Let's begin with the assumption that the port-side water tank leaked. There was ample evidence to support that hypothesis. A leak means we have to replace the tank. (It's essentially impossible to make a repair through the tiny inspection ports.) Replacing the tank takes money and time.
And saw blades. Lots of saw blades. See "Water Tanks — Part III — The Wreckoning" for some sense of what's going to be involved.
But, the Red Ranger has her own ideas.
Today, I found this.
Here's what's in this picture.
There's a big white thing — the base of the sensor for depth of water. To the right is a thin gray line which is the top of the baffle to keep water from sloshing dangerously.
To the right of that is shadowy bottom of the tank. Mostly white, actually.
To the left are ripples. They're ripples in clear water surrounded by gray tank and some residue from an old gasket and screw holes.
The ripples are hard to see in a still picture.
"Ripple in still water/When there is no pebble tossed/Nor wind to blow."
In the tank which I was sure was empty.
When I saw this, I was shocked speechless. Almost speechless, really. I was able to "What the f-"? But beyond that, I was tangled up in a Lovecraftian scale of incomprehension, confronted with a new reality that flatly contradicted my previous reality. Can Red Ranger have her own agenda and new water tanks aren't part of it?
How did we get to this place? It's a long road.
Last year, we returned from Las Vegas, launched Red Ranger, and topped off the water tanks. We sailed a bit. Cleaned a lot. Weekended. Went to Cambridge.
The port tank went dry first, and we refilled it: there was still some weekends left in the year.
Because we were taking Hollywood showers, and using the boat water for everything, the starboard tank, eventually, went dry, also. Winter was coming: we left it empty, planning to clean it this year.
We were pretty sure we still had plenty of port-side water.
But then, something happened which I can only describe as "weird." Are boats really a living thing? We personify them with "her." They're designed to live in a world of wind and water which we're only passing through. Are they conscious of being tied to the dock?
The bilge-pump counter started showing that our pump had been running. This means water is getting down to the bilge. It doesn't tell us where the water comes from, only that it's arriving in the bilge. There aren't water stains on the furniture or cabin sole. That leaves the hawsepipe and mast as sources of ingress. We sealed up the space around the hawsepipe with excessive silicone goo.
That was weird, and it takes a while to be sure we've stopped the source.
Before winterizing, we pump the water out of the tanks. We were pretty sure the starboard tank was empty, since we'd pumped it dry. We were pretty sure the port tank was almost full.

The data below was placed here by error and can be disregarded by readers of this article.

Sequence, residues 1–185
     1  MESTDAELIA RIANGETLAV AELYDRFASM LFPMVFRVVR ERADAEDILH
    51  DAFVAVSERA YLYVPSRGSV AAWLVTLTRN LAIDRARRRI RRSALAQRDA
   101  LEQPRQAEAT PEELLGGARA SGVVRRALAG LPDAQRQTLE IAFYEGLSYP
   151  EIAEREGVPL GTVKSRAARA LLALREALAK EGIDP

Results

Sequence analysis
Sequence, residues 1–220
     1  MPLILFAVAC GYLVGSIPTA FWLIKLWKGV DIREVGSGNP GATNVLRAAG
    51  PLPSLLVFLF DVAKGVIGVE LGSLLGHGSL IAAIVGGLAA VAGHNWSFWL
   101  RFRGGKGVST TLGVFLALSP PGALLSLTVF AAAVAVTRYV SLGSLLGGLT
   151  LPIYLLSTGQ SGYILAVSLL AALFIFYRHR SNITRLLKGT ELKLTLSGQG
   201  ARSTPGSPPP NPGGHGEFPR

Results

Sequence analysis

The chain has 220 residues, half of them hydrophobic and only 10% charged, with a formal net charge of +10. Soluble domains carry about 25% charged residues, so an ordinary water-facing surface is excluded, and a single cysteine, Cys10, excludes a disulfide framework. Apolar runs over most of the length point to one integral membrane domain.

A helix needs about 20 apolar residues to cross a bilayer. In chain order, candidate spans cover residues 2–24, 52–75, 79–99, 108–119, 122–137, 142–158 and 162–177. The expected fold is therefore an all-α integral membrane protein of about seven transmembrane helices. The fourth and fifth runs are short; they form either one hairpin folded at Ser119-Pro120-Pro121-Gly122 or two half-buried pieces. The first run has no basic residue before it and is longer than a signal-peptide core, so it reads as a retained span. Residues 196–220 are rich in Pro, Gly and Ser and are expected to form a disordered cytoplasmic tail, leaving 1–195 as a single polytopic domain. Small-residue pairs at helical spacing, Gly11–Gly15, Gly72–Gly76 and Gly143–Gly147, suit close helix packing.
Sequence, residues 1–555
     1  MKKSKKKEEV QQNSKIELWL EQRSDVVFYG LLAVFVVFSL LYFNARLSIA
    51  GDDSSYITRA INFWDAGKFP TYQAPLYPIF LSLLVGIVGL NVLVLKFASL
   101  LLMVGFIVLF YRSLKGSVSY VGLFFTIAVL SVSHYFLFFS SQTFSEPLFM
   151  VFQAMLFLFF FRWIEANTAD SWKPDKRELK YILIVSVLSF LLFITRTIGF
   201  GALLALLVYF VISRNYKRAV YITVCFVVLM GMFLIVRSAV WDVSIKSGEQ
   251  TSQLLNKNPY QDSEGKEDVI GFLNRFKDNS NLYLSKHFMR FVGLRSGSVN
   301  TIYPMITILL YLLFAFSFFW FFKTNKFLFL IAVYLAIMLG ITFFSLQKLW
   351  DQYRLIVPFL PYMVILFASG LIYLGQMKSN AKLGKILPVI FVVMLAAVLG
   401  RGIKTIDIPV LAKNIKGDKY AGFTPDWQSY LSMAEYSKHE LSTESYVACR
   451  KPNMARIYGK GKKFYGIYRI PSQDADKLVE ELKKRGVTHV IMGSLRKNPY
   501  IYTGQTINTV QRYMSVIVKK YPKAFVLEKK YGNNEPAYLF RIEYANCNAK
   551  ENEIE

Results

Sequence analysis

Sometime in late December, I put the dipstick into the port tank.
It was dry. Empty. No water. That was weird.
I'm really sure it was dry. No water showing on the stick.
With me so far? Two weirdnesses:
Bilge pump counter is non-zero, has been non-zero each weekend for several weeks. Water is getting into the boat.
I sticked the port tank and it was empty. Empty.
Analysis? The port tank has been leaking into the bilge.
Synthesis? Since we need water, the tank needs to be replaced.
As long as we're going to tear apart the port tank, we may as well tear apart the tank under the V-berth, too. It never held water. The shape is an unholy truncated pyramid (or maybe a distorted triangular prism, something only an Elder God of boat fabrication would understand.)
Starting earlier this year, that's what we did. Step 1. We put in two Nauta bladders. (The job is almost done. I bought the wrong kind of hose. It leaks. We're fixing the hose choice ASAP.)
Step 2. CA washed the starboard tank. It looked good. It had almost no water, as expected. It was pretty clean, also as expected.
We do this every year. (1) Clean with a little bit of dish soap; much reaching around with the long-handled scrub brush to try and get as many surfaces as possible. (2) Rinse. (3) Vacuum up the rinse water with the ShopVac. (4) Fill. (5) Add 6 oz. of chlorine to 100 gallons.
Step 3. Port Tank. Next job on the list of things to do. Cut out the old lid, design four solid tanks to fit in the space.
Then. I opened the port-side tank.
Plenty of clean water. From last year. Still in the tank. Not pumped out of the bilge through a leak that — it appears — may never have existed.
This was a big "Wait, What?" moment. Followed by "No way" and "I was sure it was empty."
I was sure. Absolutely sure the port tank was empty. I was so sure, I bought more reciprocating saw blades.
Back in December, I must have dropped the stick into the tank in some awkward way that hit the interior baffle. I never noticed the stick hadn't gone all the way in. I focused on the "stick is bone dry" aspect of what I was seeing, and never asked if I'd used the thing correctly. It's a stick. It seems like it's hard to use incorrectly.
But. Here I am. Living proof that you can put a stick in a tank incorrectly.
The planned months of work to remove the old tanks and replace them? Gone.
The budget items? Gone.
The task on our Trello board? Gone.
The saw blades? Still here, other things might need to be cut to pieces.
Whoa. This discovery changes everything. Hello, solar panels.